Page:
Company records show that Anisha Gordhan resigned as a director of Vox Telecommunications and Vox Holdings in September and November 2017 respectively, around the same time she left Investec.

Investec also issued a statement on Wednesday confirming that Anisha Gordhan had not received any payment stemming from her position as non-executive director. 

ALSO READ: Gordhan's daughter received no direct payments as non-executive director - Investec 

Malema/EFF claim: "Anusha's [SIC] business has amassed well over R80m worth of state tenders from only 11 ministerial responses immediately after registration of her companies."

The facts:

We have already pointed out why Vox Telecom does not "belong" to Gordhan junior and, therefore, the entire claim that she amassed more than R80m could simply not be true.

Companies where she served as non-executive director, however, did do business with various government departments and entities.

Based on six of the 11 Parliamentary responses to the EFF, News24 was able to find some key facts they decided not to share with the country.

The responses seen by News24 are from the ministers of agriculture, energy, public works, economic development, trade and industry and arts and culture.

In total, between January 2009 and November 2018, Vox Telecom was awarded contracts worth around R50.6m.

Some of these contracts were awarded for periods ranging from 30 days, two years and up to five and 10 years.

One of the three largest contracts awarded to Vox is a three-year R10.6m contract for the supply internet services to the department of agriculture, forestry and fisheries which ran from October 2015 to September 2018.

This contract was renewed at R10.5m over five years from October 1, 2018 to September 2023. This renewal was awarded after Gordhan junior resigned as a Vox Director.

The third contract is R17.8m over five years Vox was awarded by the Perishable Produce Export Agency to setup its Wide Area Network infrastructure. This was awarded to Vox in 2015.

The EFF has not presented any proof that Gordhan junior personally benefited from any of these contracts and her former employer, Investec, has denied she benefited directly.

Malema/EFF Claim: "Anusha [SIC], through a company called Hulisani, is a beneficiary of REIPPP and continues to use the money made through other state tenders to expand her shareholding in the renewable energy, as the efforts to collapse and privatise Eskom continues."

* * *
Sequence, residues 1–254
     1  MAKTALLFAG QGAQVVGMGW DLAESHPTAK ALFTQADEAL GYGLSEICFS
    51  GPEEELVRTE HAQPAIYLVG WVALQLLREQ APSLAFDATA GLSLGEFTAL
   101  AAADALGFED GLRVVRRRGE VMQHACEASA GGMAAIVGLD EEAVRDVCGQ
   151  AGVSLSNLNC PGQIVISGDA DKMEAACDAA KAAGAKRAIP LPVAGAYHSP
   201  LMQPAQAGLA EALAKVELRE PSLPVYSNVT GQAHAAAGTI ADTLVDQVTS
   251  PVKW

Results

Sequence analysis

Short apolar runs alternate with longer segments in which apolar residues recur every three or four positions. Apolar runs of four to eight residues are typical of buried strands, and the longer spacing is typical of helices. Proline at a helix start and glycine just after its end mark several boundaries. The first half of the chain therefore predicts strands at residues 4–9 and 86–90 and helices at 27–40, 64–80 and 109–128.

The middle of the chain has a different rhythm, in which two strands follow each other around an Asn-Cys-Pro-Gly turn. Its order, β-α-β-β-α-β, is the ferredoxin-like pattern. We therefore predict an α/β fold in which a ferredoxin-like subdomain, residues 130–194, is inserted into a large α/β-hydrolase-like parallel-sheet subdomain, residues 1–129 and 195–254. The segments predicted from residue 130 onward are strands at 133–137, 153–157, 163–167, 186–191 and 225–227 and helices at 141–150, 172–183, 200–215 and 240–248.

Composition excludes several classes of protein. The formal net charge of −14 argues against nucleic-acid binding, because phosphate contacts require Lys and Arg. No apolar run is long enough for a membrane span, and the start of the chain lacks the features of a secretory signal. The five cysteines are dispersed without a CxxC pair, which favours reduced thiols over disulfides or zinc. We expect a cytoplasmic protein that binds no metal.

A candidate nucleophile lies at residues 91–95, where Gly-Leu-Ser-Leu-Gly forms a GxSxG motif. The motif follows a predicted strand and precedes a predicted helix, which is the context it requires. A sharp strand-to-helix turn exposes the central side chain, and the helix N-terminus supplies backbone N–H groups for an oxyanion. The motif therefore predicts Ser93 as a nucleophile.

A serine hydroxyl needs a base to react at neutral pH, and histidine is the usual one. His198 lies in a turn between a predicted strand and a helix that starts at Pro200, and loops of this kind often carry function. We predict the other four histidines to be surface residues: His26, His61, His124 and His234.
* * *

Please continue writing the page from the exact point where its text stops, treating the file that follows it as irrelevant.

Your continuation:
The facts:

Anisha Gordhan was a director of a company called Hulisani Consortium from June 2015 to August 2017. Again, she resigned from Hulisani when she left Investec late last year.

And Hulisani does not seem to be in the energy business as claimed.

In June 2017, the Competition Tribunal approved the acquisition of the Afrit Group by Investec.

The structures of the companies is complicated  - but Hulisani Consortium RF held 51% of the issued share capital in Afrit and Van de Wetering Industriee Holdings which in turn held 48.98% of share capital in Afrit.

Basically, Investec bought the Afrit Group through purchasing the share capital of Hulisani Consortium.

Investec, through a subsidiary, had at the time already owned a 46.4% shareholding in Hulisani, hence Gordhan junior's name appearing as a director.

She resigned from Investec a month after the Competition Tribunal approved Investec's full acquisition of the Afrit Group.

EFF Claim: On Wednesday, EFF National Spokesperson Mbuyiseni Ndlozi tweeted that Gordhan junior was resigning with "supersonic speed" from the companies the EFF was highlighting.

The facts:

Ndlozi attached screenshots of from the CIPC website showing the companies linked to Gordhan jnr, but not the actual date she resigned.

A more detailed company records search showed that Gordhan resigned from these companies between May 2015 and November 2017 and not only when the EFF started making noise about the companies in question. 

News24 on Wednesday also sent an inquiry to the National Treasury to determine which companies linked to Gordhan junior got tenders between January 2009 and November 2018, what these contracts were and when they were awarded.

This story will be updated as soon as that information becomes available.

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Read more on:    eff  |  julius malema  |  pravin gor­dhan  |  state capture  |  politics  |  state capture inquiry